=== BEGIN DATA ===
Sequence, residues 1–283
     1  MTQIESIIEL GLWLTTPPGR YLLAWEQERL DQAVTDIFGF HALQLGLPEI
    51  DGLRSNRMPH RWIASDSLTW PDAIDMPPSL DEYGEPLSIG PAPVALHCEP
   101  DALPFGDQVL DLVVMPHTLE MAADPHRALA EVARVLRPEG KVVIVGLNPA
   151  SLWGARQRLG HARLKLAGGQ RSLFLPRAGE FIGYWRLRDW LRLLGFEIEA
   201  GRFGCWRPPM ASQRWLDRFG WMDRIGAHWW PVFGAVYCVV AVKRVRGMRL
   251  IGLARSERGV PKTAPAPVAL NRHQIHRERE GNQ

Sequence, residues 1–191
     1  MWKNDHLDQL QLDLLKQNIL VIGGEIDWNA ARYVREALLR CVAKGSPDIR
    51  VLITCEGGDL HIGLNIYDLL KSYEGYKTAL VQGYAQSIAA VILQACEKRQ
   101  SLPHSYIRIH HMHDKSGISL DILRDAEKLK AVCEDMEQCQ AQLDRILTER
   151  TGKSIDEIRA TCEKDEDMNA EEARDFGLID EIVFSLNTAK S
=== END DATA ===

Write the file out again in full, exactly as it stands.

Sequence, residues 1–283
     1  MTQIESIIEL GLWLTTPPGR YLLAWEQERL DQAVTDIFGF HALQLGLPEI
    51  DGLRSNRMPH RWIASDSLTW PDAIDMPPSL DEYGEPLSIG PAPVALHCEP
   101  DALPFGDQVL DLVVMPHTLE MAADPHRALA EVARVLRPEG KVVIVGLNPA
   151  SLWGARQRLG HARLKLAGGQ RSLFLPRAGE FIGYWRLRDW LRLLGFEIEA
   201  GRFGCWRPPM ASQRWLDRFG WMDRIGAHWW PVFGAVYCVV AVKRVRGMRL
   251  IGLARSERGV PKTAPAPVAL NRHQIHRERE GNQ

Sequence, residues 1–191
     1  MWKNDHLDQL QLDLLKQNIL VIGGEIDWNA ARYVREALLR CVAKGSPDIR
    51  VLITCEGGDL HIGLNIYDLL KSYEGYKTAL VQGYAQSIAA VILQACEKRQ
   101  SLPHSYIRIH HMHDKSGISL DILRDAEKLK AVCEDMEQCQ AQLDRILTER
   151  TGKSIDEIRA TCEKDEDMNA EEARDFGLID EIVFSLNTAK S